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The Study of Causal Knowledge and Word Knowledge in Preschoolers

Buy custom The Study of Causal Knowledge and Word Knowledge in Preschoolers essay

Buy custom The Study of Causal Knowledge and Word Knowledge in Preschoolers essay

Introduction

It is known that “what young children learn from people is influenced by what they know about people-in other words, by their developing social cognition” (Kushnir, Vredenburgh, & Schneider, 2013). The authors of the study, namely Kushnir, Vredenburgh, & Schneider (2013) decided to find out how the three- and four-year children distinguish between causal knowledge and word knowledge, depending on the evaluation and identification of a source of new knowledge. Given that much of the research focuses on the fact that the children trust the sources of knowledge based on the words, the authors decided to test the value of causal knowledge obtained as a result of observing the actions the source of knowledge. Thus, the main purpose of their study can be described as an attempt to find out the specifics of development of causal and word types of knowledge in preschool children, given the features of the informants use only words, but also practical and demonstrable actions. The main prerequisite for the experiment was the idea that children not only perceive the words of other people who act as a source of knowledge, but also are able to monitor their actions, showing the ability to analyze and, as a consequence, make correct conclusions. To this end, the researchers conducted two experiments.

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The First Experiment

In the first experiment, the preschoolers saw two informants, two broken toys, and two tools. The two puppets – a monkey and a squirrel - served as informants. One of them showed knowledge of the toys’ names and tools and knew nothing about the way they can be fixed, while another one was not aware of their names, but could fix them. In the first experiment, 44 preschoolers (boys) were involved. They were divided into two groups that consisted of three and four year olds accordingly. The children were &ldquorecruited from local preschools in a small university town. They were predominantly non-Hispanic, White, and middle-class” (Kushnir et al, 2013). The experiment began with the fact that the children were told about what each of the informants knows and can do with a toy. Then each of the informants performed what they could. The first gave names to all the subjects, but could not fix the toys. At the same time, another one showed ignorance of the names of the objects, but successfully repaired toys.

One needs to indicate the fact that children did not initially know that one of the informants was a labeler, while another one was a fixer. In order to figure out if children understood the difference between the two kinds of knowledge (causal and word knowledge), they were asked different questions, such as: (a) “Can you tell me who fixed the toys?”, and (b) “Can you tell me who knew the names of the tools?” (Kushnir et al, 2013).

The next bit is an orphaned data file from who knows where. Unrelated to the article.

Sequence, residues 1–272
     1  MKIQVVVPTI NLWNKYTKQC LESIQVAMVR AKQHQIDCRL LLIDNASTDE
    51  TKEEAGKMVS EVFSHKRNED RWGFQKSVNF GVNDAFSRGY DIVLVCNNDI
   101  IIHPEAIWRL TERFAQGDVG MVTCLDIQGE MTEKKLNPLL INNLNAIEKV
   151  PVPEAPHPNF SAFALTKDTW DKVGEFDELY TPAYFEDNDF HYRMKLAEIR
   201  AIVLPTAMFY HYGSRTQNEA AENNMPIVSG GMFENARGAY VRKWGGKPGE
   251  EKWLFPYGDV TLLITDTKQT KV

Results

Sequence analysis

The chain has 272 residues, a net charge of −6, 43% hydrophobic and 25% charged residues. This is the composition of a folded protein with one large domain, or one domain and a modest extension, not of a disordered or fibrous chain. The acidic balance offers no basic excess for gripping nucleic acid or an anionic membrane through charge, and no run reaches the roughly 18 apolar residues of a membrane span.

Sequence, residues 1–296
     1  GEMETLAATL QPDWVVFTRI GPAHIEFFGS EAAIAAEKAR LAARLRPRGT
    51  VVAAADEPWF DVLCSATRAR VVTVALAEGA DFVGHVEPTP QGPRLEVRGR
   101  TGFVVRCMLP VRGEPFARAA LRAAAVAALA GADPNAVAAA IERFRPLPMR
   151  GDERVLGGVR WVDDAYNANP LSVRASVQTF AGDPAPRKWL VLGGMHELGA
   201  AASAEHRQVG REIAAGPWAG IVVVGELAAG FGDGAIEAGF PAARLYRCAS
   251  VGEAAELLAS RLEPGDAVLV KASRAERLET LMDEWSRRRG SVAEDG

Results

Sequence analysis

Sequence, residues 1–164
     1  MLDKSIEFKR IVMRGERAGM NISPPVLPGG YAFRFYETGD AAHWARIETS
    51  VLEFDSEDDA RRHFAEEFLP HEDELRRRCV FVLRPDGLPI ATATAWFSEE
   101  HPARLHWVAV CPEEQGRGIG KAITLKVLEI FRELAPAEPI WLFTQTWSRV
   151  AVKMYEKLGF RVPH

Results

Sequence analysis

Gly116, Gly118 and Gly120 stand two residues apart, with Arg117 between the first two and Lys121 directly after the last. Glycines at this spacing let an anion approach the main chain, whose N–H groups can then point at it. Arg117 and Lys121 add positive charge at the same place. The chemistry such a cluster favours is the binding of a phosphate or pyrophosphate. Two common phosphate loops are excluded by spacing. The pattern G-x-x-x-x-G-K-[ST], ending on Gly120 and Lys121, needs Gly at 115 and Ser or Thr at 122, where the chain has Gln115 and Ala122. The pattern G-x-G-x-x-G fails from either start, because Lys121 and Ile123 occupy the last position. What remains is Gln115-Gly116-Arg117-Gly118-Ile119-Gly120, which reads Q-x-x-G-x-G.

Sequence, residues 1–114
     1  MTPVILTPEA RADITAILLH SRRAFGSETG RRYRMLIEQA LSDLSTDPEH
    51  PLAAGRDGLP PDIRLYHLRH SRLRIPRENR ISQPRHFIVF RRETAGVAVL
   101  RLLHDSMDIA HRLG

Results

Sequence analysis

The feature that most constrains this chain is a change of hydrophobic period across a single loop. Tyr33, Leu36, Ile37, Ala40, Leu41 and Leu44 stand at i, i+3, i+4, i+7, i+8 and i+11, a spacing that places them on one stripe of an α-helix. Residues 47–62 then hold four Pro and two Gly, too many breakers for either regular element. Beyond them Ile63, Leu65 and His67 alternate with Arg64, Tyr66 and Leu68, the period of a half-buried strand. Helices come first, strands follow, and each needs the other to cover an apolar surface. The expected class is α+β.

In case of wrong answers, the experimenter gave the correct answer, pointing to the appropriate informant. In addition, the head of the experiment has put all the items on the table, and then began asking questions regarding the names, functions and modes of fixing of the things. The task here was to understand how children are able to correlate the types of knowledge with their sources. In particular, the researches used the following questions:

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• “Label questions”: I don’t know what this is called. Who should we ask?”;

• Fix questions: “I don't know how to fix this. Who should we ask?”;

• Function questions: “I don't know what this is for. Who should we ask?” (Kushnir et al, 2013).

Using of focal analysis (in particular, in relation to “ask” questions), as well as the ANOVAs analysiss led to the conclusion that both 3- and 4-year-old children might quite successfully cope with the task of delimitation of the two types of knowledge and their sources. In particular, 61% of children accurately identified the type of informants, while 14% failed with identifying the informants, and other 25% - correctly identified one of the two informants. In general, this experiment showed that preschoolers can cope quite well with the task of separation of two types of knowledge, as well as their carriers, although 4-year-old children demonstrate greater success that is determined by a developed level of analysis and abstraction.

The Second Experiment

The task of the second experiment was to examine children’s ability to distinguish fixers from non-fixers. The experiment consisted of 16 participants, who were also “recruited from local preschools in a small university town. They were predominantly non-Hispanic, White, and middle-class” (Kushnir et al, 2013 ). The procedure involved individual work with each child. In a separate room, a child was shown four videos, two of which demonstrated the work of fixers, and the other – of non-fixers. A child could see how two people successfully fixed the toy using a screwdriver, while other’s efforts led to nothing. As in the previous experiment, the children were asked “ask-to-fix” questions, such as “I have another broken toy here. Who should I ask to help me fix the toy?” (Kushnir et al, 2013). The questions were meant to find out how children understand casual knowledge and can distinguish a fixer from a non-fixer. In addition, children were shown a video, in which adults offered their explanation of the breakage of the toys, and children had to answer the question on who of them was right. Finally, the children were asked to “label” questions. They were shown new items and asked about who can say what they are called.

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